DAILY FILM DOSE: A Daily Film Appreciation and Review Blog: City Girl

Monday, 25 April 2011

City Girl

City Girl (1930) dir. F.W. Murnau
Starring: Charles Farrell, Mary Duncan, David Torrence, Edith Yorke


By Alan Bacchus

By 1930, the ‘sound era’ was well underway. F. W. Murnau (Sunrise), the German emigrant, was still working in the medium. One of his greatest films was made in the sound era – City Girl. Technically, City Girl was a ‘talkie’ as well. Murnau filmed two versions, but unfortunately only the silent one remains. Murnau was a master at silent film, and so it’s difficult to imagine City Girl being improved with sound.

It’s a simple story. Charles Farell plays Lem, a rural farm kid who is sent to the big city of Chicago to sell the family crop. He’s been given specific instructions by Pa to sell it for $15 a bushel or else they won’t be able to survive for the year. Once in the market, Lem sees the price of wheat start to drop sharply, and he sells it for $13.

Meanwhile, when he’s not playing the market, he goes to lunch at a local diner, where he catches the eye of a beautiful young waitress, Kate (Mary Duncan). They fall in love and Lem asks for her hand in marriage before he leaves. Together they move back to the farm. The honeymoon is short-lived as soon as Lem’s crotchety old father takes an instant disliking to Kate. Lem doesn’t stand up for her, which causes their relationship to falter just as quickly as it grew.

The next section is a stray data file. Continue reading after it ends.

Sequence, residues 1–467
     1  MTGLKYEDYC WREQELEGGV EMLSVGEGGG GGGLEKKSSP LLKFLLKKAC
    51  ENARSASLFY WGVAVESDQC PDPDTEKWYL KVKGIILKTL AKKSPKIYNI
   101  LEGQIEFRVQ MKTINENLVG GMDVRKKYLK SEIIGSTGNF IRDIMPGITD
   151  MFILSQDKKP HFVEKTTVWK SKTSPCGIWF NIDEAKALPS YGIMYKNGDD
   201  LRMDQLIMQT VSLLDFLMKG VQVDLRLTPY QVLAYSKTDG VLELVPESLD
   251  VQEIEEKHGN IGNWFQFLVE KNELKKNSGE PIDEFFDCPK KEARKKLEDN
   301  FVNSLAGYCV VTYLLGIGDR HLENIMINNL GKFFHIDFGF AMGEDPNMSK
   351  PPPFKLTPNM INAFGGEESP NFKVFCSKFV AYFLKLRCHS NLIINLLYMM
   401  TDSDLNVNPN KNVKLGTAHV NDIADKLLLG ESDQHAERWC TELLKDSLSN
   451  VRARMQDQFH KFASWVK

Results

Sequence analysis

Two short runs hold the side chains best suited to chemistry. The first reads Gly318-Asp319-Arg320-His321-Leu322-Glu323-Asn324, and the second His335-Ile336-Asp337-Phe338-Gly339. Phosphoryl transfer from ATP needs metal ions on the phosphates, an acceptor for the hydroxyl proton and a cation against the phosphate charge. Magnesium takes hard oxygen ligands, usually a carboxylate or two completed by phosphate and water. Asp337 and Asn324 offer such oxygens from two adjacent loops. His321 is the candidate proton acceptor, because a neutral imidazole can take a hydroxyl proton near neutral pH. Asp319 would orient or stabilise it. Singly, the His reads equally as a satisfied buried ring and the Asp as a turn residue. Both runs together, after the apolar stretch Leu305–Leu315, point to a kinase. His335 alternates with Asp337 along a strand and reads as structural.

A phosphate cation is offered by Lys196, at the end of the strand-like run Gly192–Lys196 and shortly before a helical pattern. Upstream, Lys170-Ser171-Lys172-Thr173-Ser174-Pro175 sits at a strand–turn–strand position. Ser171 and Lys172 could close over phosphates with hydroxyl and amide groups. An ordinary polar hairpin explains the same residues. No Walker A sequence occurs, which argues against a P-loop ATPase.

The structure provides the audience with two unique film experiences. The Chicago scenes show Lem as the outsider in the fast-paced Big City world – a world so unforgiving and high-pressure that it causes him to sell his crop short. The second half takes place entirely at the farm, where Kate is the one who is out of place. Like Sunrise, the splintered film comments on the differences between city and country.

In Sunrise, Murnau's mobile camera provided a fluid, dream-like point of view into these worlds. In City Girl, his photography of both environments is tableau Whistler-esque portrait-style framing. Though not as flashy, Murnau still frames some stunning imagery.

The remastered DVD from 20th Century Fox, included in their new Murnau/Borzage/Fox box set, is stunning to look at. Ernest Palmer’s B&W is so crisp, it's indiscernible from B&W imagery shot decades later.

Watching City Girl, it’s hard to remember this is the same director of German expressionist classics like Nosferatu and Faust. Sadly, it was the last film from this great filmmaker, as Murnau died a year later in a tragic car accident. Enjoy.

City Girl is available in a special Box Set from 20th Century Fox Home Entertainment.

1 comment :

Anonymous said...

Murnau's last film wasn't "City Girl" but "Tabu" - one of his greatest and most beautiful works!!